Setupad’s Yield Formula is available for all Setupad clients and allows publishers to see how individual improvements of some key metrics can increase overall ad revenue.
In the example below, we can see that by increasing ad density value by 1, the projected revenue for the publisher increases by 28%, considering we keep the rest of the metrics the same. You can also see that such action wouldn’t significantly impact the publisher’s eCPM because the ad inventory would still be considered valuable.
Such a helpful tool helps you see each metric’s role in your overall monetization performance and make changes accordingly.
5. Optimize Ad Placements
We have extensively covered optimal ad placement optimization strategy on our blog, so this shouldn’t be new. But the goal should always be to optimize ad placements for maximum viewability. If your ads aren’t viewable, users can’t engage with them.
If the viewability is low, implement lazy-loading for all below-the-fold (BTF) ads. This will ensure the ad load is delayed until the banner is in view, which means ads outside the viewport won’t be loaded until they are nearly on-screen. This will also improve your website loading speed and increase the average CPM.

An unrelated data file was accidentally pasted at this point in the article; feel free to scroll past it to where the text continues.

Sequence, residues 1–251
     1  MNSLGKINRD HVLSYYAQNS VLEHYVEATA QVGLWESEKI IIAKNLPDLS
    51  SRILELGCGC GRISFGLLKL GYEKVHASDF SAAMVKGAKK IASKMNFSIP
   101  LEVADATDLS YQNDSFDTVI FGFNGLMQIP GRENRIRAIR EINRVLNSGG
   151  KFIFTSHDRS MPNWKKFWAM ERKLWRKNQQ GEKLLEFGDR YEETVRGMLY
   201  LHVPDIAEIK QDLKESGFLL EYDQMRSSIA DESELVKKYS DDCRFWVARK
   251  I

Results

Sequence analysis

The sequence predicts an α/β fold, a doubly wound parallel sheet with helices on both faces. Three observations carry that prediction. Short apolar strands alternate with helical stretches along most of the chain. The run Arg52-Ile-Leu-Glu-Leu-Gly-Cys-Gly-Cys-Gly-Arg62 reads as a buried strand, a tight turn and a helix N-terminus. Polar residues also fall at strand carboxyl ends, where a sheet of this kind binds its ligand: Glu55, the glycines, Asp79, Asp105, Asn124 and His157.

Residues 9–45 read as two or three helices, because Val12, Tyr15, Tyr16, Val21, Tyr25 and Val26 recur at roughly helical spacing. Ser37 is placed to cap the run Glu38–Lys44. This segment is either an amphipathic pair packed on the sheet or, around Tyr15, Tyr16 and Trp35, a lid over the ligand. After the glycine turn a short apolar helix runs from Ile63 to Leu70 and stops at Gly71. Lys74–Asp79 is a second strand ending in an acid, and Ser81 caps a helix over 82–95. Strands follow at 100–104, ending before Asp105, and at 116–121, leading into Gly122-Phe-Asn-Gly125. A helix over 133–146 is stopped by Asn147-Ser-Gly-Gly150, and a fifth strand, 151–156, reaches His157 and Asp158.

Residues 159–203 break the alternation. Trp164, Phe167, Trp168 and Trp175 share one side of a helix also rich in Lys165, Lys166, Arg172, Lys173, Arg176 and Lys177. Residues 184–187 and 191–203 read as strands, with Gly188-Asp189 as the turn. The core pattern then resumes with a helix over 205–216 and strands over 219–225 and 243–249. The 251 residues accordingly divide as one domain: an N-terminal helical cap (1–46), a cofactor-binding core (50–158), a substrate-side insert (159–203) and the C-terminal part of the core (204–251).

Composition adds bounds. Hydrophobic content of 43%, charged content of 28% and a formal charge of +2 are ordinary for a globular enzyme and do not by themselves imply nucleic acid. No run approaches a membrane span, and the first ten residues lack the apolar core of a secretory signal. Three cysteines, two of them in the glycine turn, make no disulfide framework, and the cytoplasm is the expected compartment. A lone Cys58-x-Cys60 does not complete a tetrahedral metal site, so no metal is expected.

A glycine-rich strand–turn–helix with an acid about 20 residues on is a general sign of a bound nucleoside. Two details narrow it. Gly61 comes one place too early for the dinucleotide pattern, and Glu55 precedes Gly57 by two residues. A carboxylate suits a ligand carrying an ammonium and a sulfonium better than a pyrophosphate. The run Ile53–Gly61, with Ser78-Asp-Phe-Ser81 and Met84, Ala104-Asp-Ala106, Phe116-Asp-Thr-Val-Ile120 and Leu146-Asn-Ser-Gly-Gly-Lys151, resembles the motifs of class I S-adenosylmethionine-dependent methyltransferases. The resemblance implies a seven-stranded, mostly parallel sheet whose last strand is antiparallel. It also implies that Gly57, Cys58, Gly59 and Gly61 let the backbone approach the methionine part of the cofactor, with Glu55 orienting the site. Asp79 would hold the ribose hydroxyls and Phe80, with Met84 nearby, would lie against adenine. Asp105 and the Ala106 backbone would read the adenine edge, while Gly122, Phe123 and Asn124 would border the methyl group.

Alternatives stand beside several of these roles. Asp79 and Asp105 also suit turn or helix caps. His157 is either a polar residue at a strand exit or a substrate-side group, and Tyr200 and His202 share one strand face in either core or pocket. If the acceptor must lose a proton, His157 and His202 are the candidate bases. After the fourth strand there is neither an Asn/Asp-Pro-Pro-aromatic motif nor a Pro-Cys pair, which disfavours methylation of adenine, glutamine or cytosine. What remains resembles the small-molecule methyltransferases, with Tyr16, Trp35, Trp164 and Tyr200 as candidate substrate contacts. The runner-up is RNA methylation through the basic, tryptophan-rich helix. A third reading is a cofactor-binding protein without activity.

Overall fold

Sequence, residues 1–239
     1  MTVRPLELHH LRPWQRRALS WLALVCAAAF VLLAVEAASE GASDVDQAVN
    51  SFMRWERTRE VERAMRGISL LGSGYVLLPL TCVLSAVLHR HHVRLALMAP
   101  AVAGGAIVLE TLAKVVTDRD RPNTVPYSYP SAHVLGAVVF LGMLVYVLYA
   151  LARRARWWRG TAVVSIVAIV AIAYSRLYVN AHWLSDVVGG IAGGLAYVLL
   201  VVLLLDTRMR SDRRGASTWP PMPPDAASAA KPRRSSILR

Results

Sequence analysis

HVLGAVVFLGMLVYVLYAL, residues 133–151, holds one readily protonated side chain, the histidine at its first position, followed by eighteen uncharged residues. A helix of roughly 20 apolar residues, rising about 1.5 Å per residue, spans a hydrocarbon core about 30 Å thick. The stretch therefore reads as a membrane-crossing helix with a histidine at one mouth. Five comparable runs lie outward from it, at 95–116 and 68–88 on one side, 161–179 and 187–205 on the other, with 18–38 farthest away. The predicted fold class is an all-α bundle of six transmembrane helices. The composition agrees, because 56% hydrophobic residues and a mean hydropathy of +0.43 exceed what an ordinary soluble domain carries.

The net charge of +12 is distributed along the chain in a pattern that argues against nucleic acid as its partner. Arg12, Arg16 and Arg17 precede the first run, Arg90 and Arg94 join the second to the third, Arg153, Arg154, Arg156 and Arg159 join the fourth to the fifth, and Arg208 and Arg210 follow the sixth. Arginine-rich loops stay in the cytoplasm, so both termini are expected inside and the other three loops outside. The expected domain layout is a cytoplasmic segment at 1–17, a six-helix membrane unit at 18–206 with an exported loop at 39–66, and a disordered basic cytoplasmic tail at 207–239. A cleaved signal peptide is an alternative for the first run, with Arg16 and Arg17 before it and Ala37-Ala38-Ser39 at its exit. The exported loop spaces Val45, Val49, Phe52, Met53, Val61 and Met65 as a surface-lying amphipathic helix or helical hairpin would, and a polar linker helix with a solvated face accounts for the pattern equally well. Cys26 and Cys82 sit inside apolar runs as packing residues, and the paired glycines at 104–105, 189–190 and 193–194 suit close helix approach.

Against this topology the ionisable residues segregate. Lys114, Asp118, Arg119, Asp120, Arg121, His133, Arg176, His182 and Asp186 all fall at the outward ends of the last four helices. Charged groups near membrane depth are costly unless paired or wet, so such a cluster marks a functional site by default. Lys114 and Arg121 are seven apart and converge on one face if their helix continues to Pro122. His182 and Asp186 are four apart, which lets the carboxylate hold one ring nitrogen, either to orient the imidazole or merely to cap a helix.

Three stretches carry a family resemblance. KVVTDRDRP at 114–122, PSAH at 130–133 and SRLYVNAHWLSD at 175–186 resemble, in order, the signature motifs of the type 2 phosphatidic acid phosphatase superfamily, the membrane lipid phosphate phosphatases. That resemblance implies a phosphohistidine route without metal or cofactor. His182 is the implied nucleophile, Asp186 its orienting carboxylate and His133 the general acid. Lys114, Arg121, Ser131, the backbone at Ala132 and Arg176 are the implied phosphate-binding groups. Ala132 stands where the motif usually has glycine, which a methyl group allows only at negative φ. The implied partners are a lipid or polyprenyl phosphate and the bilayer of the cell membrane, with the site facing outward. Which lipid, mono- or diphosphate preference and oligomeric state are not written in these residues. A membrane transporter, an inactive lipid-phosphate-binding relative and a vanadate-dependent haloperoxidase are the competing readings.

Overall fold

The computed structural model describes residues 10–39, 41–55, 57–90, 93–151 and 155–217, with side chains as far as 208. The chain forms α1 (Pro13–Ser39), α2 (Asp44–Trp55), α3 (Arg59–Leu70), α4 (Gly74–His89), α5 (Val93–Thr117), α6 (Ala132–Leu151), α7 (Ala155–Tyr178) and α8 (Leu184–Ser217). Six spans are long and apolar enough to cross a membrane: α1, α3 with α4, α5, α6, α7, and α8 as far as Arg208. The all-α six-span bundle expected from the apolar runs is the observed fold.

If your ad viewability score is already high (above 70%), Setupad experts suggest moving the second (lower) article banner higher by 1-2 paragraphs to get more high-value impressions.
6. Use Engaging Ad Formats
User engagement optimization shouldn’t just include your content and website design but also your ads. At the end of the day, ads constitute a big part of user experience with your website.
You can also place ads inside the related articles block or immediately after it to generate even more high-value impressions. Because users will stop to browse the recommendation widget, they will likely interact with the ads, too.
There are many ways you can improve your user engagement. Most importantly, try to drill down into your metrics and see where improvements can be made. But note that you’ll see the best results if you holistically perform these optimizations.
Setupad experts provide all our publishers with guidance on how user engagement levels and monetization strength can be improved in their individual cases. These consultations come at no extra cost. Sign up today to unlock your highest monetization potential.